The unexpected outcome of fiscal rules: the fiscal responsibility law and increases in social spending in municipal Brazil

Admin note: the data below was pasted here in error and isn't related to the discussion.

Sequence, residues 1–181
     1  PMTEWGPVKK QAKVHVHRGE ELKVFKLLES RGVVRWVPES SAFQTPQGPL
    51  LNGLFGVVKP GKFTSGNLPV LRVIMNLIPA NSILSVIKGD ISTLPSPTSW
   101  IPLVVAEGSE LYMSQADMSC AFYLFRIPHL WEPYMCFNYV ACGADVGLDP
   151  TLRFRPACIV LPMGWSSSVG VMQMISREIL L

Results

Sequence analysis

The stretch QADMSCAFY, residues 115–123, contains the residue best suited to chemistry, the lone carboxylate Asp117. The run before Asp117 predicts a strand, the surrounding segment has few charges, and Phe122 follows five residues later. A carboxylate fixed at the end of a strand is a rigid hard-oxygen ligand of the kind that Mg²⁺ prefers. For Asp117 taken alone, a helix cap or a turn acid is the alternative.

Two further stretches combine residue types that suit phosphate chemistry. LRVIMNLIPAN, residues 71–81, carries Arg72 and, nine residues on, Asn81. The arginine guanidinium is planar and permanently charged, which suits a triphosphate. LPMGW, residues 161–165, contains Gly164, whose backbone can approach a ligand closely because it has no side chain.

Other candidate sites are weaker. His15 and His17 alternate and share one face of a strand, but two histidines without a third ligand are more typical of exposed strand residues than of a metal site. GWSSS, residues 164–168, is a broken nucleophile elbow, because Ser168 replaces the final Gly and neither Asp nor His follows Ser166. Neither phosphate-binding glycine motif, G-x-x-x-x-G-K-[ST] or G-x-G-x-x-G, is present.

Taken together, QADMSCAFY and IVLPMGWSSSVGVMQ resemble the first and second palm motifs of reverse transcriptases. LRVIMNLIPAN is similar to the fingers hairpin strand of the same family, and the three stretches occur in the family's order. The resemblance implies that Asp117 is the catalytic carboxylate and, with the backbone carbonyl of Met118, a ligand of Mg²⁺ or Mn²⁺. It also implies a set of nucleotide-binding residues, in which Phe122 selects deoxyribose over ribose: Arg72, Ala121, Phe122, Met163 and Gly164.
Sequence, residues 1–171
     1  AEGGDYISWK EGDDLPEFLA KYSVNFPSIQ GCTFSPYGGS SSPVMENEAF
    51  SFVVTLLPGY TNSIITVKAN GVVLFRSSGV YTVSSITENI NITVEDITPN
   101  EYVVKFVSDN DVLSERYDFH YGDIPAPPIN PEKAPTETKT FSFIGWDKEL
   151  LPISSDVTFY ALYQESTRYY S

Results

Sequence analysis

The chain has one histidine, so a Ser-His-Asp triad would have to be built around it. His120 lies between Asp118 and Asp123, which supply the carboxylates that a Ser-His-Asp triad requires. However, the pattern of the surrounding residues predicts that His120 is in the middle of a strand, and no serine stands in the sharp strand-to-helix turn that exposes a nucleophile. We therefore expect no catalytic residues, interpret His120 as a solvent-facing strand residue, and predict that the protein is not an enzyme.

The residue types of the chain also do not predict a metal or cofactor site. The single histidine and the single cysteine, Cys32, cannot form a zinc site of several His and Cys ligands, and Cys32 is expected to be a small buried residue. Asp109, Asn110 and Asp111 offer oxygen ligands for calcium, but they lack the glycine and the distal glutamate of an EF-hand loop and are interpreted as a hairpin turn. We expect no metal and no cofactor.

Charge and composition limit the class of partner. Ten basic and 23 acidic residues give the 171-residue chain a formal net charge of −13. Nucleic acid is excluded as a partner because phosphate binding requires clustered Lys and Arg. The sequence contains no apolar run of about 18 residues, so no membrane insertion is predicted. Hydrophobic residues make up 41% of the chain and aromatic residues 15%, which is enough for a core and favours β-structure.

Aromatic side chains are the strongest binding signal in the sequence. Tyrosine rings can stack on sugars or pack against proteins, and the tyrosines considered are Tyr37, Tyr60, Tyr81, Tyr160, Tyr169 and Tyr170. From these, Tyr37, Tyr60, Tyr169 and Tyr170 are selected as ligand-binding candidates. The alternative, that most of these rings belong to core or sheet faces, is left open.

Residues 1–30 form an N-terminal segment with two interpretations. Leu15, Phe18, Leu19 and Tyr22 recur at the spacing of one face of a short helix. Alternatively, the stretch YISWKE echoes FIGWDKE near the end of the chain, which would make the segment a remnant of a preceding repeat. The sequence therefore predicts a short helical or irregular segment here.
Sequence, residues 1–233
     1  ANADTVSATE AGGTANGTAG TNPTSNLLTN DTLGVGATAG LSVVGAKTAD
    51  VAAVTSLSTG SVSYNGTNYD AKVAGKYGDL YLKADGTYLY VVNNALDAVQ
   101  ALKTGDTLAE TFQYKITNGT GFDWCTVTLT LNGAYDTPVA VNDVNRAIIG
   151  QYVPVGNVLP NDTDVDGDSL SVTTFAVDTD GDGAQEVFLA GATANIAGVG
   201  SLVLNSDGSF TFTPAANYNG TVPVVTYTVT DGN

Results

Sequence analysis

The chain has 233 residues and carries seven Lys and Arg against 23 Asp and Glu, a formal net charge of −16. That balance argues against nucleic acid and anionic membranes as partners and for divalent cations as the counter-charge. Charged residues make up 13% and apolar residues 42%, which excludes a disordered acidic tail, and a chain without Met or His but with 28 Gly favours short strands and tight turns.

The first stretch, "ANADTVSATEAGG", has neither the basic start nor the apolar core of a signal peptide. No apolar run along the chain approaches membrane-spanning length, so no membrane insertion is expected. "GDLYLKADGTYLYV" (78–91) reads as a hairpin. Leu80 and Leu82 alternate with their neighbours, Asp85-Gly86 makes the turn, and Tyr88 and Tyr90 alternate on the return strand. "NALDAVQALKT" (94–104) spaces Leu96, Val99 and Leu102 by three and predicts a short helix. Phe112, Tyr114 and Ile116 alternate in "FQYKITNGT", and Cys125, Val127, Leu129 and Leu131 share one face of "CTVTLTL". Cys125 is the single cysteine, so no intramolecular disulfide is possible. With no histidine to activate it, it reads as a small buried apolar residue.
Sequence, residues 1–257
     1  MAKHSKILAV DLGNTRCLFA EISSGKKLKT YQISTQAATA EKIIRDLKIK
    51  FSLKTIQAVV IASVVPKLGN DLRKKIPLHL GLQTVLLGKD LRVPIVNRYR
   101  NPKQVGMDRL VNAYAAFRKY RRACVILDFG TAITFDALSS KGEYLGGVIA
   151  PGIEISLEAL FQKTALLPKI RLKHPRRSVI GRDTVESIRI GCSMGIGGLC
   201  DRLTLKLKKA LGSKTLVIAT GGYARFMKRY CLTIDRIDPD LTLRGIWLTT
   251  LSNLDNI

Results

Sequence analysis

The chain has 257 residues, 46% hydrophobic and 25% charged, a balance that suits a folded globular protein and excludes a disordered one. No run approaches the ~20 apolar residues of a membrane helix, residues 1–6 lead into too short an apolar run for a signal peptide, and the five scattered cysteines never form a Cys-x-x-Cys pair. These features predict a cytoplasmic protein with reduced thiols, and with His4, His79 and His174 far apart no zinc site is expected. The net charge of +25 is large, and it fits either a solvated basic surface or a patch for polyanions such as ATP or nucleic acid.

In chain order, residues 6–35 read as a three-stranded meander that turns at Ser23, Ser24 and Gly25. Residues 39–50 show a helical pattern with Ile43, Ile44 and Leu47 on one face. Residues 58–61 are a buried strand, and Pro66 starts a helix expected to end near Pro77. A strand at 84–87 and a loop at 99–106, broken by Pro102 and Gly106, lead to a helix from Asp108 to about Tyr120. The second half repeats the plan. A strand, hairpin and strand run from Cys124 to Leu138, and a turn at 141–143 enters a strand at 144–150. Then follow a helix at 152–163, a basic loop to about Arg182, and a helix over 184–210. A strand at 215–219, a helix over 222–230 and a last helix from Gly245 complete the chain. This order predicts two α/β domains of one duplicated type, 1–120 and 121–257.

Much work has been done on the impact of fiscal rules on fiscal discipline, usually measured as either changes in budget deficits or debt burdens, but there is little comparative research on the impact of such rules on the distribution of spending and on spending outcomes. Moreover, the effects of such rules are not static, and may depend upon whether a given government is dealing with an economic boom or bust or which party or parties are in office. In this paper, we argue that fiscal rules reduce the asymmetry of information between voters and incumbents over the budget and, as a consequence, the latter reduces their rent increasing the supply of public goods. At the same time, which types of public good receive higher priority depends upon which party is in power. To examine this argument, we focus on the budgets of municipalities in Brazil. We examine the distribution, and changes in, spending across different portfolios in a period without such rules in place and after the country’s Fiscal Responsibility Law (FRL) entered force. The Law passed at the national level and is exogenous to all municipalities. Moreover, different cities experienced substantial economic booms and economic busts owing at least in party to largely exogenous factors, such as changes in commodity prices. We show that the imposition of the rule generally led to increases in social expenditures through 2010. We also find a “de facto” higher supply of public goods in most the important expenditure at the municipal level: education. In broader theoretical terms, these findings suggest that a fiscal rule like the FRL can affect more than fiscal discipline. It can also lead to greater shifts in budget allocations to a given party’s most preferred policy area, which in turn increases “allocative efficiency.


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